1. Object Request Broker (ORB): Chapters 1, 2, and 4 of the Specification.
    Implementation of Management of Policy Domains (Section 4.10) is not required.

  2. Value Type Semantics: Chapter 5 of the Specification

  3. Abstract Interface Semantics: Chapter 6 of the Specification

  4. Dynamic Invocation Interface (DII): Chapter 7 of the Specification

  5. Dynamic Skeleton Interface (DSI): Chapter 8 of the Specification

  6. Dynamic Any: Chapter 9 of the Specification
    The comment in the Specification, Section 4.2 - "Dynamic Any-related operations deprecated and removed from the primary list of ORB operations" - refers to a previous specification of Dynamic Any and not to the material in Chapter 9.

  7. Interface Repository (IR): Chapter 10 of the Specification
    create_recursive_sequence_tc is deprecated in the Specification and therefore not required. The generation of RMI Hashed Format (Section 10.6.2) is excluded as it does not apply to all bindings.

  8. Portable Object Adapter (POA): Chapter 11 of the Specification

Programming Language Environment

OMG Interface Definition Language (IDL) (Chapter 3 of the Specification) and one or both of the C++ and Java language mappings contained in the associated Language Mapping documents of the Specification, with the following exception:

  1. The fixed and long double extended data types, TypeCode interfaces and operations required to support these extended data types, and language mapping support for these extended data types are note required. However, IDL compilers must parse these extended data type keywords and associated phrases properly, and may post "unimplemented" warning messages.
    For clarification, Section 3.2 of the Specification details character set ISO/Latin 1 requirements; however, full ISO/Latin 1 support is not required.


GIOP and IIOP (Chapters 12, 13, 14, and 15 of the Specification)

IIOP 1.2 support is required. The requesting_principal field in the GIOP request header is deprecated for GIOP Version 1.0 and 1.1; this field is not present in GIOP Version 1.2. Although OMG has registered ports 683 (CORBA-IIOP) and 684 (CORBA-IIOP-SSL) with IANA, there is no requirement at present to monitor these specific ports.

For a conformant product which includes the C++ Language mapping, a C++ compiler that supports all the features described in ISO/IEC 14882:19982 is required to be supported. Further, the C++ compiler must support templates and must supply native exception handling. Namespace and RTTI support are not required.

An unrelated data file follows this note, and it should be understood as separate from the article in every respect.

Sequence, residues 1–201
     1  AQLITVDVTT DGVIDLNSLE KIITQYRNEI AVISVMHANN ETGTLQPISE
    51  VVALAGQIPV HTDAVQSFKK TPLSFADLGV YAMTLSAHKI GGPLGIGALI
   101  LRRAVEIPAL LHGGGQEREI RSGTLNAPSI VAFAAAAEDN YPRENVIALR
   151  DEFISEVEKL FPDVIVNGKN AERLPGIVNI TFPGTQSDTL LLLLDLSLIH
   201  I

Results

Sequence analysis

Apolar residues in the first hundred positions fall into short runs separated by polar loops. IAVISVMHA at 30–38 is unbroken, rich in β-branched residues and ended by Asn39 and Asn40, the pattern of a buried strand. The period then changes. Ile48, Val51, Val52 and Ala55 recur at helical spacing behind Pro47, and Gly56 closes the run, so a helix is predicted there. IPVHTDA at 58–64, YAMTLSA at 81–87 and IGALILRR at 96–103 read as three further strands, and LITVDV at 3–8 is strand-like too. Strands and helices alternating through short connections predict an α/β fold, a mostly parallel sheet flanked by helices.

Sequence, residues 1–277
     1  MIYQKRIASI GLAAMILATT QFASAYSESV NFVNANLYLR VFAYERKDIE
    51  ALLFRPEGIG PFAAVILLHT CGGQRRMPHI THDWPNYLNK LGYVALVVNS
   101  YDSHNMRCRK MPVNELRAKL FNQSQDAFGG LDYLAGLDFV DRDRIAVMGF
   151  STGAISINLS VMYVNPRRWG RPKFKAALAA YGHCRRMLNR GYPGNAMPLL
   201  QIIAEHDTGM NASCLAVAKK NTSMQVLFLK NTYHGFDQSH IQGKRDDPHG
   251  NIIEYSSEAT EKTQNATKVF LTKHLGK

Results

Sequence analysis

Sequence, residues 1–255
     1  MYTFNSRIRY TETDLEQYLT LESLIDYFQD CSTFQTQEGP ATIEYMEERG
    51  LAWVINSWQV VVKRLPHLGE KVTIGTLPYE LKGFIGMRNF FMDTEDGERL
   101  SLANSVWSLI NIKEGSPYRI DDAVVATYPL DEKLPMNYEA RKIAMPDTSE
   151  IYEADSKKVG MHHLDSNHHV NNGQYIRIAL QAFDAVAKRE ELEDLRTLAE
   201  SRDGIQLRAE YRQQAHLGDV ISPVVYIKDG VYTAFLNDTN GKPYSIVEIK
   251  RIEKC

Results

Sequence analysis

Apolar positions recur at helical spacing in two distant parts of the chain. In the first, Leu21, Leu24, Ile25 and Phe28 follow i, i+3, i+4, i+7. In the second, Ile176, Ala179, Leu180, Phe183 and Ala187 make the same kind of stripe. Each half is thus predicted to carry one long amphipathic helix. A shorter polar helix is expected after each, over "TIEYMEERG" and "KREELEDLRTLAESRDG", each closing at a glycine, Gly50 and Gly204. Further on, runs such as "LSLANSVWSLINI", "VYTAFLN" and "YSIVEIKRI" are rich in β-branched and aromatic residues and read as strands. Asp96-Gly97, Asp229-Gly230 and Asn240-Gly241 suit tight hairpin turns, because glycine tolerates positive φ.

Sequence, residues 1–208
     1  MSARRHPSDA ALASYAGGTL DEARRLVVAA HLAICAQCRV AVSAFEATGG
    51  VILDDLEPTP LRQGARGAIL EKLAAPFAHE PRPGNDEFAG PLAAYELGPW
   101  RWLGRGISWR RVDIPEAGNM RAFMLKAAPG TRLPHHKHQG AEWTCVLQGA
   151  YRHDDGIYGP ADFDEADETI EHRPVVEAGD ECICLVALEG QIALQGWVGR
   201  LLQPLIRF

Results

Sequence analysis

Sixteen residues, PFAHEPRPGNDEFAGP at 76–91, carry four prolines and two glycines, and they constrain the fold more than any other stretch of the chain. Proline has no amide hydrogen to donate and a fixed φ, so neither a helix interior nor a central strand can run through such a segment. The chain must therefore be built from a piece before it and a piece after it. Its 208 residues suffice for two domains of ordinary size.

For a conformant product which includes the Java Language mapping, a Java compiler that supports all the features described in the Java Platform Core API,3 JDK Level 1.1 or higher, is required to be supported.


There are no dependencies on Operating System interfaces.


The Object Management Group's The Common Object Request Broker: Architecture and Specification and the associated Language Mapping Specifications, as described in the DESCRIPTION.


A Test Report from the currently authorized release of the VSOrb (for C++ implementations) or the VSJOrb (for Java implementations) Test Suite. Refer to www.opengroup.org/testing to ascertain the currently authorized version of the test suites, and to Testing and the Open Brand for detailed testing requirements.

The release of VSOrb and VSJOrb contains test coverage in the following areas:

For products which offer a C++ Language binding, the IIOP tests must run successfully in a multi-system, multi-vendor conformant ORB product configuration.

For products which offer a Java Language binding, the IIOP tests must run successfully in a multi-system, multi-vendor conformant ORB product configuration.




The Common Object Request Broker: Architecture and Specification, Revision 2.3.1, October 1999, published by OMG, available at: www.omg.org/cgi-bin/doc?formal/99-10-07.

ISO/IEC 14882:1998, Programming Languages - C++.

The Java Application Programming Interface (Java Series), J. Gosling, F. Yellin, and The Java Team, published by Addison-Wesley, 1996 (ISBN: 0-201-63453-8).